If you are reading this section because you have suffered the tragedy of miscarriage. Then I am truly sorry. Miscarriage is one of the cruelest and most heart breaking things that can happen to a woman. Dr’s don’t normally even investigate the reasons as to why it may have happened, until you have had 3 in a row!
I myself have suffered from two. One very early at about 5/6 weeks and the other, which totally destroyed me and ripped my heart out, happened at almost 6 months.
If you google, you will find all sorts of varying statistics about the prevalence of miscarriage. Ranging from 1 in 3 to 1 in 6 pregnancies. For the sake of this blog, I’ll use the statistic that the Dr gave me. He told me 1 in 4 pregnancies end in miscarriage and in most cases the cause is never known as to why.
Why! That was the single most question I asked myself every day and 3 years on I still don’t know why.
After 12 years of infertility and 3 failed attempts at IVF, to discover that I was pregnant was the most overwhelming and thrilling thing that had ever happened to me. I almost began planning our baby’s life straight away. I was imagining all sorts of exciting times ahead. I think that is one of the most powerful emotions of miscarriage and one that someone who has never suffered from one can never understand. It is not just the loss of a pregnancy that we mourn, it is the lost hopes, dreams and plans for the future. It’s the little face that you already can picture in your mind, the little voice asking mummy for sweets. All of that is snatched away from you too.
I had a pretty uneventful pregnancy, in many ways it was very easy. Apart from a little sickness, I had bags of energy and was very calm and contented. During a routine ante natal appointment at just over 22 weeks, the Dr decided to have a listen to our baby’s heartbeat. I had felt him wriggling about that morning, so had no reason to be concerned. She put the doppler onto my stomach and moved around. I realised quite quickly that what we were hearing was not the normal sounds. There was just static, no rushing blood sound, no pulsing placenta sound a bit like the wind blowing through the trees and worst of all no galloping horse heartbeat.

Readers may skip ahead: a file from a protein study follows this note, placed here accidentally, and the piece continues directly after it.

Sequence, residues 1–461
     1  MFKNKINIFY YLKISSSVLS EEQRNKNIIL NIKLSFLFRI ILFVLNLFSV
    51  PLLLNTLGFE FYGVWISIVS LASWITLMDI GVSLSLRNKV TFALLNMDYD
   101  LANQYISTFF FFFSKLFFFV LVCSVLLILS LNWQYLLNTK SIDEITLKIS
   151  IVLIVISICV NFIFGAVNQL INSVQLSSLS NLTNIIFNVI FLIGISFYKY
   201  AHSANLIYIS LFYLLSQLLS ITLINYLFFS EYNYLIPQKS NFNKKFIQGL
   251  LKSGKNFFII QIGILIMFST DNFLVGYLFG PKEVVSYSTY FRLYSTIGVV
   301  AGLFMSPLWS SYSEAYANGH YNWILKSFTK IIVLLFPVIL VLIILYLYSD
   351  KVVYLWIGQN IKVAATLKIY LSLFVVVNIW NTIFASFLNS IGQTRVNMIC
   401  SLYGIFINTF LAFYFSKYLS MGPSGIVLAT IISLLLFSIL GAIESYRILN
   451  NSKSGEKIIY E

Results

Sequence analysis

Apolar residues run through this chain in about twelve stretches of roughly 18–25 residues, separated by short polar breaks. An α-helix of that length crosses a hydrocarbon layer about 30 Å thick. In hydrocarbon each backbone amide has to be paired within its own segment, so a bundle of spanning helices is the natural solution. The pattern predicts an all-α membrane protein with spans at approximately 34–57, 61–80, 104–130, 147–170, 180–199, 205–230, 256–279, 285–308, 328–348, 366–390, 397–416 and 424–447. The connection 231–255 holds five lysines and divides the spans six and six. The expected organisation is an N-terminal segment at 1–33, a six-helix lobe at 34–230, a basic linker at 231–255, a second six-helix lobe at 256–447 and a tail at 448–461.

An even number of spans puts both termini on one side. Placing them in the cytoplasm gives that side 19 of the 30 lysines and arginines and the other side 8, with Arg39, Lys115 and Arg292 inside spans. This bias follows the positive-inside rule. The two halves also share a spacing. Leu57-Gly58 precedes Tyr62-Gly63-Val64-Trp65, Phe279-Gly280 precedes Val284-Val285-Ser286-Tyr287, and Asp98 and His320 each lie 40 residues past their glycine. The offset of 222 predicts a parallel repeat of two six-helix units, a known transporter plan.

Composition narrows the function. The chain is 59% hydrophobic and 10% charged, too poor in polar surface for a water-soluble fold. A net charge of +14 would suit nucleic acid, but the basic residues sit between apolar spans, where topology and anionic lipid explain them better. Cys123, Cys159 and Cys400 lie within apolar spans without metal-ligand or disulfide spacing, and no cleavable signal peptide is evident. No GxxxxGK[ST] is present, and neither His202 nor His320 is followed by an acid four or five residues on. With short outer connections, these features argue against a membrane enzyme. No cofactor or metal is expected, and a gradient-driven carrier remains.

She tried hard to make light of the situation, by saying that her doppler wasn’t very good and that at this stage the baby may have turned over and that was making it difficult to pick up. She decided to send me for a scan to be certain. I knew in my heart of hearts that this was not going to end well.
All the way to the hospital, my husband tried to reassure me that everything was ok. I barely spoke a word. I knew. I knew that our baby was gone. I remember lying on the bed staring up at the ceiling, almost holding my breath. The nurse began the scan and the moment I looked at the screen, I began to sob. At every scan our little baby had been facing out towards us moving and waving. Now he had his back to us and was still. She tried to calm me down, saying she hadn’t checked properly and that she wanted the Dr to check too, but I was howling by this stage, barely registering what she was saying.
The Dr entered the room and turned the screen away and began to scan, he was silent for what felt like a lifetime. Then I felt him rest his hand on my knee and my worst nightmare was confirmed. That gentle hand on my kneecap told me it was over. He didn’t even have to speak. I wouldn’t have heard his words anyway, all I could hear was the sound of my own wailing.